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Stars, Stripes and Playlists: Listen to these songs or else you hate America 

Illustration by Kristi SimmonsI assume I wasn't the only student who in the winter of 1991 sang along, sitting cross-legged on standard gray public school

Illustration by Kristi SimmonsI assume I wasn't the only student who in the winter of 1991 sang along, sitting cross-legged on standard gray public school carpet, to Lee Greenwood's "God Bless the USA," belting out the "Proud to be an American..." chorus along with my third-grade classmates. Iraq had invaded Kuwait and President Bush The First, looking sternly through his Dwight Schrute-esque glasses said, "This aggression will not stand," and so I pinned a yellow ribbon on my backpack with no idea where exactly Kuwait could be found on a map, and belted along with Mr. Greenwood. And I liked that song, too.

With the Fourth of July this weekend, we're not only celebrating our right to ignite incendiary devices (Thank you, Bend City Council), but it's an annual chance to unleash upon collective ear of your neighborhood barbecue your favorite patriotic, nationalistic and/or songs that merely include "America" in the title, including but not limited to the aforemenionted Greenwood hit. If you need some help compiling your play list, here are a few pointers. Again, many of these cuts have little or no connection to the signing of the Declaration of Independence or the celebration thereof, but who cares, right? A real song about the Fourth of July would largely be centered on hot dogs, sun burns and paid vacation, so let's not get too carried away people.

Join us in lighting a Chinese-made sparkler, cracking a Belgian-owned Budweiser, and hitting play on your Shanghai-manufactured iPod with the following songs:

"American Pie" - Don McLean: It's a right of passage in the rock fan world to memorize all eight-plus minutes of this 1971 classic. Anyone knows that. There's really nothing America-related in this song, other than the repetition of the phrase of "American Pie" as well as references to both Chevys and levies, neither of which have fared well this decade. The song does include the line "Lennon read a book on Marx," which is so violently anti-democratic and pro-Beatle that it may cause your inner Limbaugh to lust after a cheeseburger and oxycontin smoothie.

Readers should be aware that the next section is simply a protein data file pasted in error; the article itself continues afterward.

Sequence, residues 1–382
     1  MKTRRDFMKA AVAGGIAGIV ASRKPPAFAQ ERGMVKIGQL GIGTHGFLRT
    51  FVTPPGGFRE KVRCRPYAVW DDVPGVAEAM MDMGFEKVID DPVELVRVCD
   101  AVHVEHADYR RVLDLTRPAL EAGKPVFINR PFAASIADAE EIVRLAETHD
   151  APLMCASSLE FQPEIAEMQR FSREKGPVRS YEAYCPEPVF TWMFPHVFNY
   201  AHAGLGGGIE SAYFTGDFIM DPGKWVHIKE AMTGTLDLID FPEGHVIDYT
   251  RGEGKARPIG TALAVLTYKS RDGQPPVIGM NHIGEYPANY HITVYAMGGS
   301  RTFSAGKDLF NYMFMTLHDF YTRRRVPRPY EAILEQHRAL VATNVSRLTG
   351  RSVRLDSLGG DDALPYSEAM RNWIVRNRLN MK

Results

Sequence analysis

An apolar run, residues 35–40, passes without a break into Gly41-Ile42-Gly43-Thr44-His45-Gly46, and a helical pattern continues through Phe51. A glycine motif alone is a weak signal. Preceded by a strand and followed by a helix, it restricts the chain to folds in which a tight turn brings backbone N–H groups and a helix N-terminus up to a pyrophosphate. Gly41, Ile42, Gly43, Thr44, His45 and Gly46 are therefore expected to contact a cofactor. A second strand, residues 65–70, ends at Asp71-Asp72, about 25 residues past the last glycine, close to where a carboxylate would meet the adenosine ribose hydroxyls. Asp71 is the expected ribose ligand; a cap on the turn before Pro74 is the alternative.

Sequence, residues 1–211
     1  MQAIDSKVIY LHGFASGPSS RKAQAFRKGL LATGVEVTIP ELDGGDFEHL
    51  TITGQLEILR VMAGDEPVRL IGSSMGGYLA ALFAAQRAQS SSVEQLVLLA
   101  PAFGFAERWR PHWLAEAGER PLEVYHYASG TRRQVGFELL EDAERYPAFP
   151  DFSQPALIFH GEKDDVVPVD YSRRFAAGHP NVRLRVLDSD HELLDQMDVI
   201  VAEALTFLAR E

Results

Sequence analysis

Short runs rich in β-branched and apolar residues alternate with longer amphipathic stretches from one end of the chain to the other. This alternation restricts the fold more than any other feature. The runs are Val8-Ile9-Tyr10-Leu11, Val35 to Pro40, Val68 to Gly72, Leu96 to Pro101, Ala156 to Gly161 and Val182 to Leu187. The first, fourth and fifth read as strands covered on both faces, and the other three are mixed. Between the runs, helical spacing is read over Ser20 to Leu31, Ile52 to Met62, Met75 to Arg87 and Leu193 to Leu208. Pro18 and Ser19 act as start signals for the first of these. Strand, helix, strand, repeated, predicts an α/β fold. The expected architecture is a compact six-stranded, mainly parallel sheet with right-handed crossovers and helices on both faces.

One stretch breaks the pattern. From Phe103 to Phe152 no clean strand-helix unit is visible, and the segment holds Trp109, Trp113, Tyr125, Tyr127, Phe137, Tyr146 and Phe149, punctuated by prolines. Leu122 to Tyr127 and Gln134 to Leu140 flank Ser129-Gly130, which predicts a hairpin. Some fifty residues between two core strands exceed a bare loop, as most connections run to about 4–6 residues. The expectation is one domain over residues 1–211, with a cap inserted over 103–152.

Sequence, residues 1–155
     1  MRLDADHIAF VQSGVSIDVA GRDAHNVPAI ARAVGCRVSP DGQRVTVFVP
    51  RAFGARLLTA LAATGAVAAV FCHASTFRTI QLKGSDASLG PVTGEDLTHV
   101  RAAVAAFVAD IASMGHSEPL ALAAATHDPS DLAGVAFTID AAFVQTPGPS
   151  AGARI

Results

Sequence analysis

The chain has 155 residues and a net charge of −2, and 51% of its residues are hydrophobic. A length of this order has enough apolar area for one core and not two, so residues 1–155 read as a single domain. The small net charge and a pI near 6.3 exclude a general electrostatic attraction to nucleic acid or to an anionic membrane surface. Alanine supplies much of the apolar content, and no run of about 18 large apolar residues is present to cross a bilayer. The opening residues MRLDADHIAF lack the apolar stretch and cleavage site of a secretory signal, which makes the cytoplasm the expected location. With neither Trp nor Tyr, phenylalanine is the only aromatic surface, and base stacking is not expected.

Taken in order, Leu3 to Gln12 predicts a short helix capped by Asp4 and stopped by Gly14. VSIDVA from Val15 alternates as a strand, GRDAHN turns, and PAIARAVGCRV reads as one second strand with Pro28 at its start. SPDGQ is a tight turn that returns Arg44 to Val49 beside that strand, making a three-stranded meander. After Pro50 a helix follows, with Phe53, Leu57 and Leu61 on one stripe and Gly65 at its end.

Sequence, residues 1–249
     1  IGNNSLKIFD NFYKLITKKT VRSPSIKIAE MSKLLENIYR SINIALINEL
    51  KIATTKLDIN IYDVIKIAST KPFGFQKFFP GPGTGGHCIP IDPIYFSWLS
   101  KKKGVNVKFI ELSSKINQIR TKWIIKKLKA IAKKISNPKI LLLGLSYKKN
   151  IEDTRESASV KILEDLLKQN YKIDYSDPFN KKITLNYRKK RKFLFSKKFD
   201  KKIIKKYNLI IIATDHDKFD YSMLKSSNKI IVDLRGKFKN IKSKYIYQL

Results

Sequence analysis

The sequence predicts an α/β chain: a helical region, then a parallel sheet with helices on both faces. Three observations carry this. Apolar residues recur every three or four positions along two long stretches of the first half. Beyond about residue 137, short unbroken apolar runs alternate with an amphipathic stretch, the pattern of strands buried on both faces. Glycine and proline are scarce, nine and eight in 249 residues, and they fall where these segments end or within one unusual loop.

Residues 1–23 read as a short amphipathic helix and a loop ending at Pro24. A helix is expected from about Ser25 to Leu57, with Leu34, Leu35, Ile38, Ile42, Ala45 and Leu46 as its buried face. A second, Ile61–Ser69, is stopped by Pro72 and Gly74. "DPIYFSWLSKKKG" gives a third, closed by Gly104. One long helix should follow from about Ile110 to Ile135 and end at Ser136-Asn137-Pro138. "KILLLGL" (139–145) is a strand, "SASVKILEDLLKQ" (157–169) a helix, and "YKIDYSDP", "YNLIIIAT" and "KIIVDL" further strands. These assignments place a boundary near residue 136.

"I am a Patriot" - Jackson Browne: What? A leftie singing about patriotism? WTF? This is nonetheless a pretty inspiring cut, even if it does meander into the realm of lions and such toward the end. The Eddie Vedder version is worth checking out as well.

"America, F**k Yeah!" - From the motion picture Team America: World Police: Probably the best tribute to the land of the red, white and blue one is ever likely to hear, this didn't make it onto the airwaves. Why? The song's 37 F-bombs probably had something to do with that. But this song touches on a myriad of American baseball, McDonalds and...uh...slavery.

"Living in America" - James Brown: Rocky IV, anyone? Too bad James probably didn't remember his appearance in that movie, if you know what I mean. (If you don't, YouTube "James Brown Drunk.") Still, the Godfather goes all Uncle Sam on your ass in this one, with grand results. I've always thought that if Apollo Creed wouldn't have wasted all that energy dancing to this song before taking on Ivan Drago he probably wouldn't have gotten killed by that stupid Soviet.

"America" - Neil Diamond: "There are two kinds of people in this world: Those who like Neil Diamond and those who don't," said Bill Murray in What About Bob?, the landmark 1991 film also starring Richard Dreyfuss. Well, a lot of Americans love Neil Diamond as well as this tribute to America's many immigrants.

"Born in the USA" - Bruce Springsteen: Who knew a song about the horrors of Vietnam could turn into a Republican theme song? But hey, if you don't listen to it carefully, the Boss seems to be rocking a flag-waving, bandana-tightening anthem.

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